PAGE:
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What Happens After a Market Falls by 80% (It's Surprising)

By Dr. Steve Sjuggerud
Thursday, February 6, 2014

What happens to a stock market, sector, or country after it falls by 80%?
My good friend Mebane Faber of Cambria Investments wanted to find out...
He set out to crunch as many numbers on the topic as he could.
His gut told him that stocks would soar... that things would bounce back. But he had no idea just how big the bounce would be...
The results were astounding.
Meb looked back at all instances of stocks falling by 80% – going back nearly a century (to the 1920s).
It turned out, after an 80% fall in a U.S. stock-market sector, the average return three years later in that sector was 173%.
(Meb did the same test on countries, with similarly good results.)
With such amazing numbers, the next question is... Can we take advantage of this today?
Is there a sector that has fallen by 80% recently?
Why yes, there is...
The last time this sector fell by 80%, it rose by 611% not long after.
You might think, "I hear you, Steve, but gains like that will never happen again... That was probably a long time ago."
The thing is, it wasn't a long time ago at all – and yes, those gains can happen again.
It wasn't decades ago when this sector last fell by 80%... In fact, it was actually within the last 10 years. And not much has changed since that last bust and boom.
Take a look:
junior gold-mining sector down 80%
This sector fell 80% from late 2007 to late 2008 and then soared 611%.
Recently, it fell 81%... But now it's showing solid signs of an uptrend. It's one of the best-performing sectors year-to-date, but it's still not far off its bottom.
We can easily set up an investment where your downside risk is the recent lows, and your upside potential is hundreds of percent. That's exactly the type of investment we look for...
So what is this sector?
You might be surprised to learn it's junior gold-mining companies.
You know my investing mantra: You want to buy what's 1) cheap, 2) hated, and 3) just starting an uptrend.
Gold-mining companies today meet all three criteria.
Again, the last time junior gold-mining stocks fell by 80% was from late 2007 to late 2008. Importantly, after falling 80%, they then soared by 611% in the next two-and-a-half years.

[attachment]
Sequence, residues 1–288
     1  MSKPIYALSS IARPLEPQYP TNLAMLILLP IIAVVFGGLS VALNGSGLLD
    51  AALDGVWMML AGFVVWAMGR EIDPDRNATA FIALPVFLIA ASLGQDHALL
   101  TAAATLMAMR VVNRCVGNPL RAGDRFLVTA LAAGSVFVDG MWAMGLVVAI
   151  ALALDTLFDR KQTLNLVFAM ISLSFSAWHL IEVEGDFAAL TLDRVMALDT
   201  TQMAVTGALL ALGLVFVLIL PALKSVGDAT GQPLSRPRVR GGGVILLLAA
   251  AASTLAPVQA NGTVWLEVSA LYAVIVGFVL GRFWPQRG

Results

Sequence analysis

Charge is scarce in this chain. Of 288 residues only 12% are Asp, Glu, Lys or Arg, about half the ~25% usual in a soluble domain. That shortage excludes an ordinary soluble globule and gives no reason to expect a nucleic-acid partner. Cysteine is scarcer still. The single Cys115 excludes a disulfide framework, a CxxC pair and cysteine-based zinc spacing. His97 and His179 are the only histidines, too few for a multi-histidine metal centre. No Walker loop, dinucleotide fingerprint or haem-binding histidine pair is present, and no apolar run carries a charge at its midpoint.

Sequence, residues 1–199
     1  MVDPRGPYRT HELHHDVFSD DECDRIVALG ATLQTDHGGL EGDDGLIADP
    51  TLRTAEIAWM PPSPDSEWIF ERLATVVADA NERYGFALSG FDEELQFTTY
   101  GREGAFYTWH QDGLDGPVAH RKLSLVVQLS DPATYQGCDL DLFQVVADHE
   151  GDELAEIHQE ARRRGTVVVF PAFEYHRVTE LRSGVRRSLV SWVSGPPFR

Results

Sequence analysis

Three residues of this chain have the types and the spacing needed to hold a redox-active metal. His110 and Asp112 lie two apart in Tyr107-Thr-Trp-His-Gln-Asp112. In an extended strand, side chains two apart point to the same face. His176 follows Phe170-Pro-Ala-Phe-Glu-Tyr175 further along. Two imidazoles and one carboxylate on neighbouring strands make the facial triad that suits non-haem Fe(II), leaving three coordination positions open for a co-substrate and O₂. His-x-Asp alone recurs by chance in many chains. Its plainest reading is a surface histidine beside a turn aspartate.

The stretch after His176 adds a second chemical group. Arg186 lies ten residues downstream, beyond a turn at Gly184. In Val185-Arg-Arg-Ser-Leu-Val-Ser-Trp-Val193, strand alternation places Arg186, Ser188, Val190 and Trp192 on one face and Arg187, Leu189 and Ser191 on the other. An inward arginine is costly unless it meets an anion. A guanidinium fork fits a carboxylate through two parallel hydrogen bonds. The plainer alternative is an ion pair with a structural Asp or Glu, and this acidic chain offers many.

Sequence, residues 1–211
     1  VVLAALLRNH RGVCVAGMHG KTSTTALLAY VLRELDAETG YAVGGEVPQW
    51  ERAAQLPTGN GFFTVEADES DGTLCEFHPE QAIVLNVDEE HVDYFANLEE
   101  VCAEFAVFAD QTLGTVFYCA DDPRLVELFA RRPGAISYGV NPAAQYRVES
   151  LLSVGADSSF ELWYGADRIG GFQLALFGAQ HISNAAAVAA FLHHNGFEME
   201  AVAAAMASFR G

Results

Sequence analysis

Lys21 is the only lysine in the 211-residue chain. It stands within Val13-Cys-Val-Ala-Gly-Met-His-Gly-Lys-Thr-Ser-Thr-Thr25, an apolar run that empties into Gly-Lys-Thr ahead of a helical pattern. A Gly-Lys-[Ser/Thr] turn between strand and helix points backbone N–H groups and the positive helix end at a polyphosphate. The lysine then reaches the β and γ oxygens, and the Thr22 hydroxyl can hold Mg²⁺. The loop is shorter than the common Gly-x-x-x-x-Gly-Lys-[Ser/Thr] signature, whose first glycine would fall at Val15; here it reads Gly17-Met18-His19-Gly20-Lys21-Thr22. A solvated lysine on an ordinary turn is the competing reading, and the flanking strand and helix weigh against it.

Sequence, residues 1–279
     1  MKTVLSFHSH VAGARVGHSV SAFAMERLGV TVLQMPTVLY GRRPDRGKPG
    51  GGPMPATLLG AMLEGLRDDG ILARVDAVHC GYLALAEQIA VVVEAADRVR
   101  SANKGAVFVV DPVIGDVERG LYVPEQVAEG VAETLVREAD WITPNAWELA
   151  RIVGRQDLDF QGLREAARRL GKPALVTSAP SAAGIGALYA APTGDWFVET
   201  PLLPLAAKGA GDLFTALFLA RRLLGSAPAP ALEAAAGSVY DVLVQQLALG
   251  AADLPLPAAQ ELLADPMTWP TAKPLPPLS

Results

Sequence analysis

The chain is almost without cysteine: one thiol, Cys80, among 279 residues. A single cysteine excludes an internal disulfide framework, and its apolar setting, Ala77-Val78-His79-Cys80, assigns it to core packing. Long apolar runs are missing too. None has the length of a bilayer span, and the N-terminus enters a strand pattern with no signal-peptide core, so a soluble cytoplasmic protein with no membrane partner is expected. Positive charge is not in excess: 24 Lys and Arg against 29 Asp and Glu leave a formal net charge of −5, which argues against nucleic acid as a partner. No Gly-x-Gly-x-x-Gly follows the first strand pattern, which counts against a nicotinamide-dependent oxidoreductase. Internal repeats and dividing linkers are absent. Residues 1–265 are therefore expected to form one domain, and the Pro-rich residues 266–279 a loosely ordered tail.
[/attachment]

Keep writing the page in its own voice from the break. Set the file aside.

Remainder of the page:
Could they soar by hundreds of percent again? Absolutely... And I believe they will.
The simplest way to make the trade is through the Market Vectors Junior Gold Miners Fund (GDXJ).
It's around $36 per share as I write. You could set your stop loss at around $30 and leave your upside unlimited for a great risk-versus-reward trade.
Check it out! Your upside potential is truly hundreds of percent!
Good investing,

Further Reading:

Steve recently told readers why he thinks it's time to buy physical gold, too. "The setup doesn't get any better than this," he writes. "This is when you want to buy." Click here for more details.
And on Monday, Steve explained why the recent stock selloff isn't a reason to panic. "Could stocks fall a bit more from here? Absolutely... I can't know the future," he writes. "However, I do believe that this is NOT the start of The Big Bust." Click here to find out why.

Market Notes


If gold and gold stocks have bottomed (as we've been suggesting), it's worth considering Franco-Nevada (FNV) as a way to play a potential rally...
Franco-Nevada is one of the world's premier "royalty firms." Regular DailyWealth readers are familiar with these companies. Royalty firms don't operate mines or explore for mineral deposits. They finance early-stage mining projects and collect royalties when those projects work out. This makes a royalty firm safer and more diversified than a company that "bets it all" on just one project.
To get an idea of how this works, we consult a "performance chart." Today's chart plots the past three years' performance of Franco-Nevada (black line), gold (gold line), and the gold-stock index (blue line). Remember, the gold-stock index consists of many "regular" mining companies.
As you can see, gold itself is down a little over the past three years. Gold stocks in general are down almost 60%. But in an extraordinary display of "bucking the sector trend," Franco is up more than 60%. In other words, a hurricane struck the gold-stock sector... but Franco's house didn't even notice. It's a tremendous display of business and share-price strength.

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